Plumbing Test Balls vs. TestRite DWV Testing System
Why Traditional DWV Plumbing Test Balls are a Thing of the Past
Plumbers require the best products available to get the job done efficiently and safely. While drain, waste and vent testing, or DWV testing, has been around for decades, traditional methods to pressure test DWV plumbing systems aren’t up to par with today’s requirements. Outdated DWV fittings and inflatable plumbing test balls/bladders can put plumbers at risk and slow them down.
At HoldRite, we’ve created an innovative DWV testing system that includes drain test plugs, wedges and tees. Leave the limitations of outdated DWV pressure test methods behind for something better: TestRite.
History of DWV Plumbing Pressure Tests
Plumbing code requires new pipe installations to be drain, waste and vent tested to ensure water tightness, and for over 60 years, contractors have used inflatable test balls, or plumbing test balls, to perform this task.
There have been several materials and installation methods for DWV testing over the past 6,000 years. The first system was made of baked clay and used in Babylon around 4,000 BCE. Testing evolved to include wood logs followed by cast iron. Then, in the early 1950s, the inflatable test ball system was introduced.
Plumbing Test Balls: What You Need to Know
To use the inflatable plumbing test ball system, you first have to insert and inflate the ball without accidentally rupturing it - which is more probable as your equipment ages. Next, add water into the upper piping system until it reaches the upper terminal of the system. After you check for escaping water and call your inspector to get the permit signed off, you deflate the test ball and repeat the whole process multiple times if you’re working on a multi-story building.
Drawbacks of Plumbing Test Balls
Inflatable test balls get the job done — stopping the flow of water so you can pressure test and check for leaks — but they aren’t the most efficient method, nor are they the safest.
While the DWV testing process is tedious to begin with, it gets even more time consuming if there’s a leak. With inflatable test balls there is no way to only let some of the water out to fix the issue. You have to fully drain the pipes and start over. another job. Even if everything goes right, testing multiple floors with the plumbing test ball method requires constant draining and refilling of pipes.
Plumbing ball systems require a host of tools, from air pumps to compressors to thread sealants — all of which add up. If the test ball leaks or fails, there’s no way repair it. You must buy a new one. Most contractors say it has a lifespan of about five uses maximum.
One of the most significant downsides about the traditional plumbing ball testing method is that it can expose contractors to all of the Occupational Safety and Health Administration’s (OSHA) “Fatal Four” top causes of worker fatalities: falls, electrocution, struck by object and caught in/between.
- Falls: If the test ball ruptures, floors and installers get wet. When it’s deflated at the end of the testing process, water can spray out of the test port location, too. Both possibilities create a slip-and-fall hazard on the job, especially in the wintertime.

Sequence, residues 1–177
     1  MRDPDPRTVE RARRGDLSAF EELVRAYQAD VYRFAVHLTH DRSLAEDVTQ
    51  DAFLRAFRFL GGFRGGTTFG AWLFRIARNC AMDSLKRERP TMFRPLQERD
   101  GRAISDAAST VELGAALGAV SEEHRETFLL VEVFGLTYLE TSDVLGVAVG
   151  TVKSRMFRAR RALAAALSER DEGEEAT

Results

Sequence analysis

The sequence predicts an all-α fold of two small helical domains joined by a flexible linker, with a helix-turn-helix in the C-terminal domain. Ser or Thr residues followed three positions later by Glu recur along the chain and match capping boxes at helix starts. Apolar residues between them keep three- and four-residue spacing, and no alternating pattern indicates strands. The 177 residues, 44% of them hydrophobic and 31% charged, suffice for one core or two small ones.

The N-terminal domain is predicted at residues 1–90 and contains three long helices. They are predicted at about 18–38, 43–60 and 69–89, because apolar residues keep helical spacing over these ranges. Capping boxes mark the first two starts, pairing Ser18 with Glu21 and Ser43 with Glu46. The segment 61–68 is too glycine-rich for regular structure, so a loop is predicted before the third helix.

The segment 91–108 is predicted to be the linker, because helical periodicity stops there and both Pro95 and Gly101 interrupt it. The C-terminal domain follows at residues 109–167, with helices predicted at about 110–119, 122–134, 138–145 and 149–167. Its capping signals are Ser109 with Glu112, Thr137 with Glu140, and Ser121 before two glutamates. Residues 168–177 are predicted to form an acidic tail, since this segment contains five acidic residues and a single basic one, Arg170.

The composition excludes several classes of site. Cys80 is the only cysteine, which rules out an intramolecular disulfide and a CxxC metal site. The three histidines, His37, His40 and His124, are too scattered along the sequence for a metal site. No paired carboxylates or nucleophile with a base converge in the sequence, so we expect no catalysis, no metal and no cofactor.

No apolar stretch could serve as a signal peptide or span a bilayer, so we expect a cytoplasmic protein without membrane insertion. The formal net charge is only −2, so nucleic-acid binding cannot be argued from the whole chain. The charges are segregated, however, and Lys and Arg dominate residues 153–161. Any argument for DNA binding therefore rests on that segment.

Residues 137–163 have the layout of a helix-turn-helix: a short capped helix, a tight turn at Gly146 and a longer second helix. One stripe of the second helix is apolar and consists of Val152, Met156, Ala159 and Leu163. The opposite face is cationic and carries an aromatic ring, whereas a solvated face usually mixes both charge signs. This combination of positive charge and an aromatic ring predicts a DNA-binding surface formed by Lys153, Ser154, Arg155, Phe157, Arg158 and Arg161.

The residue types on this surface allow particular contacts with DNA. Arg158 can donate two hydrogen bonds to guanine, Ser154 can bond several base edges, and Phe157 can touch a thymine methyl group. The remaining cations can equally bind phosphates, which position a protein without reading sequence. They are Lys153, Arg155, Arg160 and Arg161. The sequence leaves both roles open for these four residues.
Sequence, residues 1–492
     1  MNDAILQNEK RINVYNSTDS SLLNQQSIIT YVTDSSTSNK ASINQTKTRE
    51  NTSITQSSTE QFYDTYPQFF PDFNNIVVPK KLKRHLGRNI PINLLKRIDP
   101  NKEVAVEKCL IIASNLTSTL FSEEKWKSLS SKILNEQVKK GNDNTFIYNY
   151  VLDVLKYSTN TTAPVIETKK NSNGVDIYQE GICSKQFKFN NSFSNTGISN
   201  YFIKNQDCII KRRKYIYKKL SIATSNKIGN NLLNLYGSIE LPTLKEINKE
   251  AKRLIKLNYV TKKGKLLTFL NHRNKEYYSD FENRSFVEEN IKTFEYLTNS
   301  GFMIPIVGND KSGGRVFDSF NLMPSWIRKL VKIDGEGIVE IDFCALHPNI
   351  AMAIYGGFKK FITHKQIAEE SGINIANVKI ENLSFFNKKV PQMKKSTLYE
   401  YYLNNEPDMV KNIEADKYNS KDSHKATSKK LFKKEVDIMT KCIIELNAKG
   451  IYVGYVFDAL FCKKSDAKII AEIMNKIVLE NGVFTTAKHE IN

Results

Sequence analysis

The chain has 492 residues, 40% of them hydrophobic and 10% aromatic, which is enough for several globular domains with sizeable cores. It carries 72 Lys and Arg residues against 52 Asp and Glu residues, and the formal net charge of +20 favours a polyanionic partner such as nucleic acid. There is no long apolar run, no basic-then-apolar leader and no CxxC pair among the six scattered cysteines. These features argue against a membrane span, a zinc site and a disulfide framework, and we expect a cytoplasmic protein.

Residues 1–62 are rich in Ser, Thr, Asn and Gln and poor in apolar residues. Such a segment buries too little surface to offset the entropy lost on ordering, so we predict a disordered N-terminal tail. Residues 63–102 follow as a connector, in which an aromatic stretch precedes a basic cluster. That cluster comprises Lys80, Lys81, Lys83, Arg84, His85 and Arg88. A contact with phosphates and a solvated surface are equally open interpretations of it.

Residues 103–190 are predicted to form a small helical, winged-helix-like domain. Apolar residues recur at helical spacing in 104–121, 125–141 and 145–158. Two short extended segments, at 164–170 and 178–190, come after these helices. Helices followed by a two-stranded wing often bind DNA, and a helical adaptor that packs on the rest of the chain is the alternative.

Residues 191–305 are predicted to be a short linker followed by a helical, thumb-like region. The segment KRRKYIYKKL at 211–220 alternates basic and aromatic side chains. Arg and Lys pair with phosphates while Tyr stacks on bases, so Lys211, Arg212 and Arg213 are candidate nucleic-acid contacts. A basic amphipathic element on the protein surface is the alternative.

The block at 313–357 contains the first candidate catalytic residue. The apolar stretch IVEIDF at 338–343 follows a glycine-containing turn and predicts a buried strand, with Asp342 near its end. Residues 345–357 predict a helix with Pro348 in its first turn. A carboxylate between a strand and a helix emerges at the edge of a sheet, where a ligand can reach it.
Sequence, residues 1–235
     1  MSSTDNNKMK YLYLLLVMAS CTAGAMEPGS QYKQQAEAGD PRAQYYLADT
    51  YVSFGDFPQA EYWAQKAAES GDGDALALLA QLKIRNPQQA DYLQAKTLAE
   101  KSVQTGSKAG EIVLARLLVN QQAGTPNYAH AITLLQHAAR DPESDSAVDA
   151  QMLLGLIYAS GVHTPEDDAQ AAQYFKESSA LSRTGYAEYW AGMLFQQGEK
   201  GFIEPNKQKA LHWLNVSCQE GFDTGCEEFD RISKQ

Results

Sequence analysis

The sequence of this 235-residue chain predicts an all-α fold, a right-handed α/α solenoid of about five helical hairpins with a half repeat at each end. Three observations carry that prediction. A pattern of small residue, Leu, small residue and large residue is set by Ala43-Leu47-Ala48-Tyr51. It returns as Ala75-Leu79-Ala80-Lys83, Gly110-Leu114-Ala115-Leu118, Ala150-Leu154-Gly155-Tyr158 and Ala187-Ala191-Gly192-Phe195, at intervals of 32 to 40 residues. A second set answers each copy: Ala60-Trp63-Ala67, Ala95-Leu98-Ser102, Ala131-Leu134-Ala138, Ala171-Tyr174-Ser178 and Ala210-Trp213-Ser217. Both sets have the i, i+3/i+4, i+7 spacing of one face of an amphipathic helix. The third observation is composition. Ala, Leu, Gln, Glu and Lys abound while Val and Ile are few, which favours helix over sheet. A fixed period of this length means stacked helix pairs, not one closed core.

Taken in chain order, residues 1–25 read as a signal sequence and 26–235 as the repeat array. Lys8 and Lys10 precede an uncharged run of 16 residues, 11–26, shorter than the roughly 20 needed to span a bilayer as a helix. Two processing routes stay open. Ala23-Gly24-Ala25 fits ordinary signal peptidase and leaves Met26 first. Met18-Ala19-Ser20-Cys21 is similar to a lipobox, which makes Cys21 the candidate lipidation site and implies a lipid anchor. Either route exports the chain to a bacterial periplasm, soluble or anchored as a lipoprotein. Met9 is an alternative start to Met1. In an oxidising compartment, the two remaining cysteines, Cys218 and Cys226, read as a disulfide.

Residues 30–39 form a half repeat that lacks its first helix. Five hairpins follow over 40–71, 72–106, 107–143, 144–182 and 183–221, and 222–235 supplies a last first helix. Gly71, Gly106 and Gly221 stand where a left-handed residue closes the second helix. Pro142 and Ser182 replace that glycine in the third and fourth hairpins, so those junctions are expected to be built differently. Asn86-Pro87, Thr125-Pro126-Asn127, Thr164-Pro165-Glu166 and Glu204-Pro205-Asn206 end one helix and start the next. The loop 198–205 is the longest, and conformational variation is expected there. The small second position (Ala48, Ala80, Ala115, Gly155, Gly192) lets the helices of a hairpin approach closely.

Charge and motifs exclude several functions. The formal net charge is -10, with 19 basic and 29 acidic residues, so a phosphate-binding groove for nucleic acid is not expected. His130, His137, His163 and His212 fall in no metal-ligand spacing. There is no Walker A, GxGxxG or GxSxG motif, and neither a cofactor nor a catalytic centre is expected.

- Electrocution: Water spillage could mix with power cords on site, creating an electrocution hazard.
- Struck by object: Test balls are very sensitive to inflation pressures. This makes it easy for them to over-inflate and burst, which could cause flying shrapnel to hit an installer.
- Caught in/between: When a test ball deflates after the test is done, it can sometimes get sucked down the pipeline, which also puts a contractor at risk of getting their hand sucked into the pipe with of the force of rushing water.
Plumbing test balls often fail during the placement, inflation and removal of the device, whether it’s because of aging equipment, user error or faulty gauges. This could not only put you at risk but also the job site itself. If rupture happens in a multistory building and water spills onto floor, it can travel down to finished floors of the building, causing damage and potential mold.
TestRite: A Better DWV System
At HoldRite, we believe in putting plumbers’ needs first. The common pain points with plumbing test balls drove us to develop an updated DWV system to test pipe pressure and check for leaks safely and efficiently. The TestRite drain test plug, wedge, tee and spanner ring directly address the common challenges of working with inflatable test balls.
- You can fill or drain water from the test location. No need to fully drain the pipe for retests or partial tests. Plus, a test plug on each floor allows for testing multiple stories in quick succession.
- A triple seal protection design ensures a dry, safe environment.
- You can use TestRite 5-10 times more than a plumbing ball. You can also replace the O-rings if damaged, to extend the life of the device.
- It only requires one simple tool and fewer steps to complete the test, making the process 2-4 times faster.
- It meets plumbing code.
- Rated up to 50 ft of head pressure / 22 PSI / 5 floors
- Compatible with PVC, ABS or cast iron piping systems with 2 in., 3 in., 4 in. and 6 in. piping solutions.
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Explore the TestRite DWV Pressure Testing System
Our TestRite products include anything you would need for a plumbing pressure test. Browse drain test plugs, tees, fittings, valves, wedge seals, spanner rings or get the entire system for your specific pipe type.
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